Terradrift: So do travel agents charge a fee? How do they make money?

Molly: Some companies charge don't charge anything extra for their services, but others might charge a nominal fee, perhaps around $35, for basic reservations such as cruises, all-inclusive resorts, or hotel, flight, and car reservations. If it will be a vacation that is much more detailed, such as an independent booking in Europe where we have to set up each transfer, flight, train, hotel, tour, etc. individually, then this might come with a higher fee due to the amount of time involved. In addition to that, most resorts, cruises and hotels will offer our company commissions for using them. Commissions vary, but this is normally the bulk of profit for a travel agency (which the travel agent, depending on the company, may only make a small percentage of). For airfare only, the airlines do not offer any commissions to the travel agent, so for airline tickets might charge a little extra per person for bookings. But when your flight is delayed or cancelled, we are automatically notified and are working on your behalf before you can get through that line at the airport to be rebooked. We usually get the last seats on the next flight much faster than the people in front of you in line, so that is a great benefit to using an agent. The cruise lines, hotels, and resorts will just keep this commission amount for themselves if you don't use an agent, so you are basically paying for one whether you use one or not!

Terradrift: Is there a situation when I shouldn't bother using a travel agent?

Molly: Honestly, for a condo or home rental, we don't get any discounts for these types of vacations, so it's usually best to book these on your own. The individual renters do not work with travel agents and want to work directly with the renter, so it can be tricky in helping with these reservations (i.e. AirBnB).

Terradrift: What's your favorite kind of travel to book for clients?

Molly: My favorite travel is the vacations that I do for people in the British Isles and Europe. I love doing the independent trips that are customized for each individual. They do take much more time, but in the end I love how they turn out!

Terradrift: Then what's your least favorite?

Molly: My least favorite would be Myrtle Beach trips; there is so much more out there to see besides Myrtle Beach! Especially when I can get you a better rate at an all-inclusive resort in Mexico or a Caribbean Island!

Terradrift: How is a person supposed to know if they've found a good travel agent?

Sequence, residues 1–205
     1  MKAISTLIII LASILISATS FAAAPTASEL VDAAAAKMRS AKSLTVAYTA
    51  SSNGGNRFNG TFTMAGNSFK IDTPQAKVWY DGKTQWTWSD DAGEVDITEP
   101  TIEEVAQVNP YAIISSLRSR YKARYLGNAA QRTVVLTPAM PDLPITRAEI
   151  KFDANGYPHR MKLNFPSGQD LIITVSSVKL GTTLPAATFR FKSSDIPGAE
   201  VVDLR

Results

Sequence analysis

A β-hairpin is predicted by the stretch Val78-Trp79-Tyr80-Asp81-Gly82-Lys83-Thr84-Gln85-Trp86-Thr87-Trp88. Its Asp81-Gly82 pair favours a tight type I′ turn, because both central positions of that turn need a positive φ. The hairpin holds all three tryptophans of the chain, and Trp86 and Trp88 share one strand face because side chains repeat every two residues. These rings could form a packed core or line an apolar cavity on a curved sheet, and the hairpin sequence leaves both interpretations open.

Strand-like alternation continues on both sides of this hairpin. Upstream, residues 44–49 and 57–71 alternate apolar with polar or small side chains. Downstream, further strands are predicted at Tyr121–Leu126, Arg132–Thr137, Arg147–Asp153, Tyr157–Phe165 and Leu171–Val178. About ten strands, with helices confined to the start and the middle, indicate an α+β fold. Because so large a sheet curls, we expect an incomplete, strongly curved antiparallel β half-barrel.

Molly: You should know right off the bat whether you've found a good agent. Always check to see how long they have been in the business, or if they have not been in it long, how much travel they have done on their own. Also, if they have the designation of "CTA" which means Certified Travel Associate, this means they have been in the business for at least 2 years and have gone through rigorous geography and destination courses. There are several other designations as well, so you can always ask them if they are a specialist in your given destination or cruise line! Another main factor is how responsive they are to you, how knowledgeable they are about the requirements (passports, visas, etc.) for various destinations, and how well they know each product they are offering.

Terradrift: So how do you know if you've found a bad one?

Molly: If the agent does not listen to your needs and only tries to sell you their "preferred" suppliers, this is not an agent you want. Also, if they do not tell you about all of the requirements and warnings for a given travel area, then you should look elsewhere. If they are not enthusiastic and passionate about everything they do for you, then they are most likely not a great agent!

Terradrift: What's the one biggest misconception people have about travel agents?

Molly: The biggest misconception is probably that you do not need an agent because everything is online now. I think everything being online has actually made it harder and more stressful to book a vacation because you don't know which websites to trust and which resorts out of the thousands are actually a great deal. A website such as Cheap Caribbean can have some rock bottom prices, but what are you really getting for that rate? No personal service, no assistance in an emergency, and no guarantee that you are getting a decent property. Always check with an agent; If they charge a fee you won't pay unless you book so you can always talk with an agent to get an idea!

Have a big trip coming up? What have you got to lose? Try a travel agent on for size and see if you like the fit! If you've used a travel agent before, feel free to share your experiences in the comments below.